Australia is witnessing a rapid increase in the proportion of foreign-born immigrants with the second generation
(See translation in Arabic section)
Sydney - Middle East Times Int’l: New analysis of the 2021 Census data, published by the Australian Bureau of Statistics (ABS) today, shows the proportion of overseas born and second generation migrants in Australia have steadily increased since the end of World War II, as counted in the 1947 Census.
Duncan Young, General Manager of the Census said, “It is the suite of cultural diversity questions in the Census, such as ancestry, country of birth, English proficiency, languages spoken, citizenship status, year of arrival and religious affiliation, which allows us to better understand the increasing complexity and growing cultural diversity in Australia.
“The ancestry variables in the Census provide a self-assessed measure of ethnicity and cultural background. When used alongside the country of birth of individuals and their parents, Census data provides a good indication of the ethnic background of all Australians”.
In the first Census in 1911, the proportion of Australians who were born overseas was 18 per cent. In 2021, more than seven million people in Australia were born overseas, this is almost 30 per cent of the population. It is an increase from 6.1 million, or 26 per cent, in 2016. Over a million people arrived in Australia since the 2016 Census and of these 230,000 are from India, 137,000 are from China and 71,000 are from Nepal.
Most of Australia’s population are descendants of migrants and as a result, the most common ancestries align with the most common countries of birth of the population over time. In 2021, Australia’s top five ancestries largely reflected waves of British and European migration and were the same top five as reported in 2016. The five most common overseas countries of birth were the same in 2021 as reported in 2016, however India has moved from fourth largest to second largest. India only sits behind England for overseas countries of birth in Australia.
Shared language is a component of understanding ethnicity. In 2021, 5.6 million people or 22 per cent, reported using a language other than English at home. This was an increase from 4.8 million people or 20.6 per cent in 2016. For people who used another language at home, the Census asked how well they spoke English. In 2021, 3.4 per cent of the population spoke English not well or not at all.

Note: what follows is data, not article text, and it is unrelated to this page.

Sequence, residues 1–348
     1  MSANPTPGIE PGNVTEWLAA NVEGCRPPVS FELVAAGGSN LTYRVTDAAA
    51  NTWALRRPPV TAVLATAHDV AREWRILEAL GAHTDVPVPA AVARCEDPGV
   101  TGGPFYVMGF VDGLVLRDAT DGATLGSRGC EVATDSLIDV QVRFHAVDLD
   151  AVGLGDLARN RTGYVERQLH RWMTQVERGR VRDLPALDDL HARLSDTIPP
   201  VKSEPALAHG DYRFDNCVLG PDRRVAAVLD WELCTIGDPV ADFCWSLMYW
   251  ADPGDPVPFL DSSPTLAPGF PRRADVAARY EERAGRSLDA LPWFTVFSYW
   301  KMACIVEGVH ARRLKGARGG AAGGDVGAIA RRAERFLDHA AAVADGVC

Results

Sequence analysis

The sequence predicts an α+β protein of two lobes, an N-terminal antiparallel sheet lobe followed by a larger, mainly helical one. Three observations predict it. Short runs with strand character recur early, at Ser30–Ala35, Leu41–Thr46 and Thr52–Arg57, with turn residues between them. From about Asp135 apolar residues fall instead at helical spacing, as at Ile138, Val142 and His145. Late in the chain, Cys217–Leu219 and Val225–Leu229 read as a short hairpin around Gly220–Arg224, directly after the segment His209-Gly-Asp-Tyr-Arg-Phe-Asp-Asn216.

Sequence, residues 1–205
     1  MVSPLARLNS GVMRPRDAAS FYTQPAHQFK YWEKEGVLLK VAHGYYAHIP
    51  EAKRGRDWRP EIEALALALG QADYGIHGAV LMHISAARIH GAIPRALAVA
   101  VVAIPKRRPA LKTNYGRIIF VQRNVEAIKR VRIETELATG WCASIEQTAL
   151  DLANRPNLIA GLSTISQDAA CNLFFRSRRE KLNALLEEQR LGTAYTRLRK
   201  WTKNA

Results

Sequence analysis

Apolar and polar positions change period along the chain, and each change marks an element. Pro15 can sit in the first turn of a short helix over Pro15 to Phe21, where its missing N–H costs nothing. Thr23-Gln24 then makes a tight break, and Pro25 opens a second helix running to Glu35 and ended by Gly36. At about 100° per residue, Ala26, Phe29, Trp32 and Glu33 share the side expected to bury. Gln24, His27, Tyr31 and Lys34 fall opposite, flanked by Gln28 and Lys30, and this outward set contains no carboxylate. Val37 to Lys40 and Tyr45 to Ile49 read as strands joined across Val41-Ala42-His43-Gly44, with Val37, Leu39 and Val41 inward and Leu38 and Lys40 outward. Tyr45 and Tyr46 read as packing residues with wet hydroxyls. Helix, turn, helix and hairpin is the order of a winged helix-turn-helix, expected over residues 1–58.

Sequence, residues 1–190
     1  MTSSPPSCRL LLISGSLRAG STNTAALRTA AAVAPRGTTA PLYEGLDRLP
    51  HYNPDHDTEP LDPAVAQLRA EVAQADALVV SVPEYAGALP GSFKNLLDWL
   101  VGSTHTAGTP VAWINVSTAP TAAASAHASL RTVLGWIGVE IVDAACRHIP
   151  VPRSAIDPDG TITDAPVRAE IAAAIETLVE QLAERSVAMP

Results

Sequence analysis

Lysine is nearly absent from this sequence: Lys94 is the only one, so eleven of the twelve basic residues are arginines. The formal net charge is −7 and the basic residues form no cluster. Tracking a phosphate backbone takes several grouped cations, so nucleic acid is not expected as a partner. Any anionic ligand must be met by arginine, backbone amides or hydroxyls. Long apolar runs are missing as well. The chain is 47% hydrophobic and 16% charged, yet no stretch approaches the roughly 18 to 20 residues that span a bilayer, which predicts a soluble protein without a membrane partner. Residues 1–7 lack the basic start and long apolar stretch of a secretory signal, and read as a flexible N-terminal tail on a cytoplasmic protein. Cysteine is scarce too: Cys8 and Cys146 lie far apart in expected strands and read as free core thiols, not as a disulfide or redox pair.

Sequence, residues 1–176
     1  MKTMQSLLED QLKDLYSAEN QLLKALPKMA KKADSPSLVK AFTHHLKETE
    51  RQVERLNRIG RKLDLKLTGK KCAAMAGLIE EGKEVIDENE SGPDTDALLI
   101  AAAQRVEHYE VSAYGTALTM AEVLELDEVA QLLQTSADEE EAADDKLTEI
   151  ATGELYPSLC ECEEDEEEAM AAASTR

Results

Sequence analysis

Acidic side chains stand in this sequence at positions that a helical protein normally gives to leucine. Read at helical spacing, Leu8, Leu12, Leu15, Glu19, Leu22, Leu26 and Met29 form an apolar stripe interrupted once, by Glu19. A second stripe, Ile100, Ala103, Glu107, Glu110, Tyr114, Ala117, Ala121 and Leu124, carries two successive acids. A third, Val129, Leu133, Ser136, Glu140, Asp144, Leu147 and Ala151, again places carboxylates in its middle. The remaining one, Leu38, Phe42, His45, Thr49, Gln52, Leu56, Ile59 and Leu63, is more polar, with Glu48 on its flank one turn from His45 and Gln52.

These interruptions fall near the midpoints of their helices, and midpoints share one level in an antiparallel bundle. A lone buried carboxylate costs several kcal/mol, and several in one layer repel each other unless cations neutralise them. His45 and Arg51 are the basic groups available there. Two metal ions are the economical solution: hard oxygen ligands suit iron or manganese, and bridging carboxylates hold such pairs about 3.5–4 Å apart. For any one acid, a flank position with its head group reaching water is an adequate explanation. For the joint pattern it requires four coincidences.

Speaking ahead of the 2021 Census – cultural diversity data seminar jointly hosted by SBS and ABS today, Mandi Wicks, SBS Director of News and Current Affairs said, “Since SBS began in 1975, languages have been at the heart of what we do. During the past 45 years, Australia’s demography has changed enormously, and today SBS delivers content in 63 languages. The Census data is key to informing which languages we service by considering the size of language communities, their recentness of arrival and their needs”.
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8 Billion containers turn from trash to treasure
A major environment and recycling milestone will be reached this weekend with eight billion bottles, cans and drink cartons returned through the NSW Return and Earn return point network.
Minister for Environment James Griffin said the incredible effort from NSW communities is transforming how we recycle.
“Return and Earn is a wildly successful NSW Government initiative that has well and truly changed the way we think about recycling and litter by turning trash into treasure,” Mr Griffin said.
“Return and Earn has fundamentally shifted people’s behaviour, turning what was once seen as waste into a now-valuable resource for the recycling industry, and delivering huge refunds to the community.
“Since it began in 2017, eight billion containers have now been returned, delivering $800 million in refunds to the people of NSW, and helping us reduce drink container litter by a massive 52 per cent.
“This is a huge win for our environment, with all plastic containers and glass bottles returned being given a new life and turned back into new food and drink containers to go back on our supermarket shelves within weeks.
“Heading down to the local Return and Earn point has become a routine part of life, and I’d like to thank the almost 80 per cent of adults in NSW who have got involved.”
Return and Earn has contributed more than $35 million in donations to community groups and charities since the scheme launched in December 2017.
St Vincent de Paul Society of NSW Acting CEO Yolanda Saiz says Return and Earn is a key part of the organisation’s fundraising strategy, generating millions of dollars as a return point partner.
“St Vincent de Paul Society NSW’s involvement with Return and Earn has been a great success,” Ms Saiz said.
“Vinnies has seven Return and Earn depots across NSW where we currently employ over 30 people and last financial year our sites processed 95 million containers.
“This helped raise critical funds for the Society that help us provide services to people experiencing poverty and disadvantage.”
New data shows renewed effort needed for science and tech diversity
The 2022 edition of the Australian Government’s STEM Equity Monitor shows why a renewed effort is needed to address the systematic barriers preventing greater diversity in our science and technology sectors.